In the early 1800's Sam Davis, buffalo hunter and firebrand evangelist, would scramble to the top of a sandstone butte in northern Arkansas and preach his brimstone to the valley below, proclaiming that he would live for a thousand years. He didn't make it quite that long. He did, however, achieve a bit of immortality. His rock pulpit became known as Sam's Throne. The legends of the area, from old Sam to moonshine, still linger. The stories may or may not be true, but the abundance of steep high-grade sandstone is a fact.
This portion of the Ozark National Forest is home to several different climbing areas. Sam's Throne is the oldest, and due to it's accessibility and high concentration of routes, the most popular. It's also one of the most traditional. Until 1987, all lead climbing was done on natural protection -- no bolts or pitons were used. The Atoka sandstone, with numerous crack systems, solution pockets, and knobs, lends itself well to gear. Creativity and strength help any aspiring leader while searching for sometimes elusive placements.
The Throne is an excellent place for beginners; there are numerous moderate routes that one can top rope easily. More advanced climbers will find that while the grades seldom go above 5.11, the leads are quite adventurous. The first bolted routes in the area, Blind in Both Eyes (5.10+), Pass the Jug (5.10) and Exit Left (5.10), still maintain some of their traditional roots: all were put up on lead. On almost all of the routes with fixed protection, natural gear is still needed to fill in the gaps.
Cave Creek, a few miles from Sam's Throne, is one of the finest crags in Arkansas. In the Fall of 1989, two southern Missouri climbers, seeking relief from the hordes at the fourth -annual Climber's Rendezvous, established this area's most obvious line, Stems and Seeds (5.10). What they found was an area with a pristine canyon setting, quality rock, and in contrast to the Throne, sport climbing. Cave Creek isn't a bolted grid though; it also has serious natural leads and superb bouldering.
The Outback, easily approached from the top of the camp road at Sam's Throne, provides access to many routes. Big, nasty, overhanging cracks abound, as do many face climbs. If you want a weekend full of climbing without the crowds normally found at the Throne, this is the spot.
Northern Exposure, with its well shaded bluff, offers a reprieve from the hot, humid summer days. Missouri legend Clay Frisbee discovered the area one summer during a shade-seeking frenzy. Numerous lines have been completed here; however, new route potential is high.
Hero Maker and Valley of the Blind have some of the biggest and most impressive walls in the area. An abundance of overhanging routes and roof cracks can be found here, but if extreme leading on scant protection doesn't excite you, you may not want to climb here. Some of the climbs here are around 90 feet long, so setting top ropes can be difficult .
This area of Arkansas has much more to offer than just climbing. The surrounding land is some of the most pristine in the Ozark National Forest. Richland Creek Wilderness, just a few miles away, has beautiful waterfalls and a great swimming hole. The nearby Buffalo National River offers some of the best canoeing and kayaking in the Midwest, and the abandoned logging roads provide excellent mountain biking. For hikers, the Ozark Highlands Trail and Buffalo River Trail are close by.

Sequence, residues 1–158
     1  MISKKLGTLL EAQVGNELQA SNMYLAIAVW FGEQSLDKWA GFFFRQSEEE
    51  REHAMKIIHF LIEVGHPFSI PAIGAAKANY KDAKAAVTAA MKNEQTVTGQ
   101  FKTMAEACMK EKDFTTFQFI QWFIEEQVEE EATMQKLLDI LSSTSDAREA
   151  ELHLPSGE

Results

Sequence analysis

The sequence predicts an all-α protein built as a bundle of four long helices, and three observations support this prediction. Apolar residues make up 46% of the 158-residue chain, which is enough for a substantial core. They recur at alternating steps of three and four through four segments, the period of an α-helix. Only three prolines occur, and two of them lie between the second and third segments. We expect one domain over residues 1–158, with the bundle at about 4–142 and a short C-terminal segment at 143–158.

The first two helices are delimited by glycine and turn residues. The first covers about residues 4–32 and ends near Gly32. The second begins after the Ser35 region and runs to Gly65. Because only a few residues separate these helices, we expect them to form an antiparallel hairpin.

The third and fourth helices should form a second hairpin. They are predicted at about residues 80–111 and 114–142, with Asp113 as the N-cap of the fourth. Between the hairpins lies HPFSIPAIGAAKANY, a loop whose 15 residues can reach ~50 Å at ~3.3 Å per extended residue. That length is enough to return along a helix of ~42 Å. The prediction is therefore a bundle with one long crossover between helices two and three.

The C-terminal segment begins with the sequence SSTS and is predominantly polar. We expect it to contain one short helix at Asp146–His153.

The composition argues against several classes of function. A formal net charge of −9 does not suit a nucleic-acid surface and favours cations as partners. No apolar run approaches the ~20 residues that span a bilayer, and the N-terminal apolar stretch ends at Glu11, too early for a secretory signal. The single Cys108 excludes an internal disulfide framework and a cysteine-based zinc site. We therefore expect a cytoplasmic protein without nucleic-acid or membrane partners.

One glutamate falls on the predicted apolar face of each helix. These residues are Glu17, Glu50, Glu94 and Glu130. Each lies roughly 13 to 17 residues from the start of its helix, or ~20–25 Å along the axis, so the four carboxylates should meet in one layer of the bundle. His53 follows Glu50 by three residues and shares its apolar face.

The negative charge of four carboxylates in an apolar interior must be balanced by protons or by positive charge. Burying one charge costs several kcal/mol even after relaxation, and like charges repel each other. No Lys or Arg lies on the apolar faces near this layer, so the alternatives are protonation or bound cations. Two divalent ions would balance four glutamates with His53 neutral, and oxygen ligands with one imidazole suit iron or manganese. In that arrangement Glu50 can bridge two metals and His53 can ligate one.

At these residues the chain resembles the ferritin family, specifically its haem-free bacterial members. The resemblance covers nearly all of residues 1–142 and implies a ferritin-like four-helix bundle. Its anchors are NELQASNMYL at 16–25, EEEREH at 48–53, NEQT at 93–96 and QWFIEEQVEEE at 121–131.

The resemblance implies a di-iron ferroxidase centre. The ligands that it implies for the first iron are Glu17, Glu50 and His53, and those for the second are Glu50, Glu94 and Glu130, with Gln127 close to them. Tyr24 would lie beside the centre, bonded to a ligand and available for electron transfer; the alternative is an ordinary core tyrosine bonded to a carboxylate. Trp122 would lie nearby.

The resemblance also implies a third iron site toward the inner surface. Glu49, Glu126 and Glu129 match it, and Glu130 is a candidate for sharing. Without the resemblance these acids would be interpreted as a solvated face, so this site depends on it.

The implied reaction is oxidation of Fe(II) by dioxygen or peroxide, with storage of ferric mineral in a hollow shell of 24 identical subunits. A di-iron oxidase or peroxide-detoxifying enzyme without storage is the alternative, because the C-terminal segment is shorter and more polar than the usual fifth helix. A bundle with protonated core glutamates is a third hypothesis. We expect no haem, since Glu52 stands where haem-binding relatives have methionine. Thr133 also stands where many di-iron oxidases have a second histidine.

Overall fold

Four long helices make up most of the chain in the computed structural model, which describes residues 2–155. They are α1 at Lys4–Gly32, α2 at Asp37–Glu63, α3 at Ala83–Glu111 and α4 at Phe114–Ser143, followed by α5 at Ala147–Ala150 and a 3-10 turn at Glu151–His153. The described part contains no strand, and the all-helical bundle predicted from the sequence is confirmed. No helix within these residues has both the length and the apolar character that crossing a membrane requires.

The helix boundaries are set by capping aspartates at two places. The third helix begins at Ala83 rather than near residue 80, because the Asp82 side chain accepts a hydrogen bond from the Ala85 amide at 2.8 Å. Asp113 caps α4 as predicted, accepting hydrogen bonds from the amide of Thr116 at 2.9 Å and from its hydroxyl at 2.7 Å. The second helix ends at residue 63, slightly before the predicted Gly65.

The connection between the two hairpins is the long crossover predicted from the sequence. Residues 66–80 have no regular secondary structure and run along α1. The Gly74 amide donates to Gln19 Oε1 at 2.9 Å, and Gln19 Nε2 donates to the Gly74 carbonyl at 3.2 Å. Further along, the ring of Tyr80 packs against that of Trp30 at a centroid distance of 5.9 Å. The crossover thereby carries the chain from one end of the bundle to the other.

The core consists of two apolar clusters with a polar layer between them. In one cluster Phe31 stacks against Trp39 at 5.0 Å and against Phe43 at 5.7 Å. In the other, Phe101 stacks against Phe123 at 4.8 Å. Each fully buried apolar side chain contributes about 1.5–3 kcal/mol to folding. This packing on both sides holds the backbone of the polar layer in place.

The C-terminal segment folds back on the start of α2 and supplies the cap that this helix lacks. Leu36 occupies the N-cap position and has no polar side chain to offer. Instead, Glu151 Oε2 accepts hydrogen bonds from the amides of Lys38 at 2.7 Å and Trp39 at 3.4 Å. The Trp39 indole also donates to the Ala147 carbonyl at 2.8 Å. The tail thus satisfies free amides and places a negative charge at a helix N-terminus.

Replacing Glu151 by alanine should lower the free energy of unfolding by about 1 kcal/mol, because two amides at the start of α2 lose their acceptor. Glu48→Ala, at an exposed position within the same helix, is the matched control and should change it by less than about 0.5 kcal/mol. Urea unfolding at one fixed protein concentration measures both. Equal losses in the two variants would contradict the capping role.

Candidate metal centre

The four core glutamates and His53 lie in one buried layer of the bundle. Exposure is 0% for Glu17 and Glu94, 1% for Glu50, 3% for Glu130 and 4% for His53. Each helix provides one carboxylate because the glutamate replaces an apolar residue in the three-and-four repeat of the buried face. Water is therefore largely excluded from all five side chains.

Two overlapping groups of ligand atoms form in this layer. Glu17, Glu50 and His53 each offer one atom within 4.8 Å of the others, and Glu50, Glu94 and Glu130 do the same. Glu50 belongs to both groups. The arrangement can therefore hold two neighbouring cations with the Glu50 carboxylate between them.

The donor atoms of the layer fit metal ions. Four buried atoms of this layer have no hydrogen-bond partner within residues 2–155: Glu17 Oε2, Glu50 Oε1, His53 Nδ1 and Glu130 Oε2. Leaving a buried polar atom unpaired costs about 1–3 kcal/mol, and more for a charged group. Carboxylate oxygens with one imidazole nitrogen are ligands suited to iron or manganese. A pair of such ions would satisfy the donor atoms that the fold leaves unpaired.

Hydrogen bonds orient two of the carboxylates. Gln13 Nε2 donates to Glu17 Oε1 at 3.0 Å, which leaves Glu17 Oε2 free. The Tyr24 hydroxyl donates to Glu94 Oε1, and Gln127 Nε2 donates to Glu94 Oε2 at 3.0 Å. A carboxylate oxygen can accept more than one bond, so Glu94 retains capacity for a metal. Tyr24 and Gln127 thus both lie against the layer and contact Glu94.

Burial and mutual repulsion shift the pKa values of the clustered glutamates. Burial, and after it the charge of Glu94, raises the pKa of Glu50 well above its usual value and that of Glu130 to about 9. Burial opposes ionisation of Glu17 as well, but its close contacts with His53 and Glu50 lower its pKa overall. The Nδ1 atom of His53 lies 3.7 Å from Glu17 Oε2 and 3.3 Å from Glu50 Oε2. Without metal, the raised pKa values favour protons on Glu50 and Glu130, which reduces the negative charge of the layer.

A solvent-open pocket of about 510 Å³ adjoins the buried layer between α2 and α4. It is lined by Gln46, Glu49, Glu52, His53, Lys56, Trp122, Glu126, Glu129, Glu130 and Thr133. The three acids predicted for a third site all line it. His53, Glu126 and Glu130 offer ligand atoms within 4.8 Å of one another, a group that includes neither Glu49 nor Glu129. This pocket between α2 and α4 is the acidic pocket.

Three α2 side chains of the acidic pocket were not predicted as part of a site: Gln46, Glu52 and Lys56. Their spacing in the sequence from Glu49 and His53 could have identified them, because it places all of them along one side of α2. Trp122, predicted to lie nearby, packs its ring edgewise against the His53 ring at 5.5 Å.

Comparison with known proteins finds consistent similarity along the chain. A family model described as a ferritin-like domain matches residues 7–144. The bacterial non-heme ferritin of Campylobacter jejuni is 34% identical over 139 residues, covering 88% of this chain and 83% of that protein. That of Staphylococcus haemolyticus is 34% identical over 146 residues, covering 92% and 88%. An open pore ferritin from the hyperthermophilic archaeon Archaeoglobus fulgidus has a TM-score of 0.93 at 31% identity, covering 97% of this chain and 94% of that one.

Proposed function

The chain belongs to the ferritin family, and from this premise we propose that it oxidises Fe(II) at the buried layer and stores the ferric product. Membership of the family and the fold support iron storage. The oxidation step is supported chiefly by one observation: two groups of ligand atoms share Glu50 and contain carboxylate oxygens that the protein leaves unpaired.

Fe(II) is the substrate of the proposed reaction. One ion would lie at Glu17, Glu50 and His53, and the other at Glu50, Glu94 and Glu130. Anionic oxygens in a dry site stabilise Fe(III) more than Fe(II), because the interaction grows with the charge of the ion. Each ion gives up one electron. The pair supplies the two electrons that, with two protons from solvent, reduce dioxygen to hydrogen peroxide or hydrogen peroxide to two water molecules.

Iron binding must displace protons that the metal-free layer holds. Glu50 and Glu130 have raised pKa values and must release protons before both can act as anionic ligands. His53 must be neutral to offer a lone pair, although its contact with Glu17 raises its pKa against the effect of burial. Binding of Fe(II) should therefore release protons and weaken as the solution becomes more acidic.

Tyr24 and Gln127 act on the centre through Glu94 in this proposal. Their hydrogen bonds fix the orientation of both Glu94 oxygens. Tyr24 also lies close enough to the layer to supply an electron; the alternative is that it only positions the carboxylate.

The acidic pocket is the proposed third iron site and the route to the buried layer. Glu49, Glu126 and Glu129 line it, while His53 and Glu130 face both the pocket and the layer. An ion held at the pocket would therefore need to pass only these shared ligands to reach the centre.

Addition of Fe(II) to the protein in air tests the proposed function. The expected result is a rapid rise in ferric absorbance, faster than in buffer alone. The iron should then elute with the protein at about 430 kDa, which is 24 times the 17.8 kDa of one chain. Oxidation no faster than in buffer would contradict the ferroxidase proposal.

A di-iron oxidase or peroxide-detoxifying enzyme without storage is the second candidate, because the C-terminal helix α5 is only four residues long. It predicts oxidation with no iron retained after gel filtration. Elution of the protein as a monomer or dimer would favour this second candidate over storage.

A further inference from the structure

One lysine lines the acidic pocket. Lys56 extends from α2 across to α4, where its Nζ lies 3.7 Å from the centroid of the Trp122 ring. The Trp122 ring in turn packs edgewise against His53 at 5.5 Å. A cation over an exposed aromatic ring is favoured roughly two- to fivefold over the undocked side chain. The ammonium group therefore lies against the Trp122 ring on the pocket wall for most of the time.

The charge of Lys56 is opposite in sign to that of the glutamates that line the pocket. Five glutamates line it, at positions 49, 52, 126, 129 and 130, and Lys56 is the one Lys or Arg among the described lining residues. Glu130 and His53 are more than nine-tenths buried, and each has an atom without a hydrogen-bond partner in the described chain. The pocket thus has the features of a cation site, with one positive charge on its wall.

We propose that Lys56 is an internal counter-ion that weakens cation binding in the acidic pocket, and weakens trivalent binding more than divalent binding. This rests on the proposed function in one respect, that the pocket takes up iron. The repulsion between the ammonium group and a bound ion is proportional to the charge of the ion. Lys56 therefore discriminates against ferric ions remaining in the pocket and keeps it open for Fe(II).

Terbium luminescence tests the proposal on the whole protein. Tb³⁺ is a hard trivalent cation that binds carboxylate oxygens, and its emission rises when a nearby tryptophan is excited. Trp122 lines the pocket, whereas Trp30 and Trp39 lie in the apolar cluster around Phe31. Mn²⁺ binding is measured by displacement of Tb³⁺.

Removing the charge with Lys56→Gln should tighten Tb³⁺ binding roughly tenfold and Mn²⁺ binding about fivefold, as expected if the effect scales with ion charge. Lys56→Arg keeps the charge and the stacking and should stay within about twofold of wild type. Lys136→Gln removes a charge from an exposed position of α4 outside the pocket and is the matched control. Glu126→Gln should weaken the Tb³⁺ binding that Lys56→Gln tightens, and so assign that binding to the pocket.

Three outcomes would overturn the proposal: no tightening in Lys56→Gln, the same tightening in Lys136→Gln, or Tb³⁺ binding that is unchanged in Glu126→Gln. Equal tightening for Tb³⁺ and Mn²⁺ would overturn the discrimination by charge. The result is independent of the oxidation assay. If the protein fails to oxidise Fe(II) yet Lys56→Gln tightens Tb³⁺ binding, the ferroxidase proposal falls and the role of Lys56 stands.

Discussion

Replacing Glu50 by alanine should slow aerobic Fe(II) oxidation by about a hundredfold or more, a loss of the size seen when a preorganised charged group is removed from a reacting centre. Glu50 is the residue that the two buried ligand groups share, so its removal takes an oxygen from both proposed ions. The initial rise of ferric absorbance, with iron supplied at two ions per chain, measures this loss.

Access: Sam's Throne is located in the Ozark National Forest, along state highway 123 in Newton County in northwest Arkansas. From Jasper, take highway 74 east to highway 123. At Mt. Judea, highway 123 turns to gravel (soon to be paved) -- TURN HERE. Odometer readings to the climbing areas are: Sam's Throne 4.3 miles, Cave Creek 7.5 miles. From Russellville, take highway 7 north for 40 miles, turn right on highway 123. From the turn-off, Cave Creek is 7 miles north (on the right) and Sam's Throne is 10 miles north (on the left). All distances are approximate.
Camping: Camping at Sam's Throne is free, but there are no facilities or running water. Please pack out ALL trash. Chopping down trees is illegal, but gathering dead wood is permitted.
Food: You can purchase all of your grocery supplies in Jasper and for those forgotten items, there is a small grocery store in Mt. Judea. If you don't want to do your own cooking, you will find several great restaurants in Jasper and the surrounding area, that have inexpensive food, hot coffee, and excellent desserts.
Information: For route or general information, call the Pack Rat Outdoor Center at 501-521-6340.
Recommended Routes: Sam's Throne Instant Karma (5.10+) Dry County (5.10+) Blind In Both Eyes (5.10+) Edge of Flight (5.10) White Trash (5.9) Patio Direct (5.9) Crack Me Up (5.8) Albino Rhino (5.7) Poison Ivy (5.7) Boston Rag (5.7-) Fun Alley (5.6 to 5.7)
The Outback All Star Wrestling (5.12) Sonic Love Jugs (5.11) Crater Face (5.10+) Lonely Lizard (5.9+) Silver Fish (5.9)
Northern Exposure Euthanasia(5.13) Fatal Attraction (5.11) User Friendly (5.9) Bones and Steel (5.8)
Billy Bisswanger is manager at The Pack Rat Outdoor Center and has been climbing rock, ice and alpine routes for 16 years.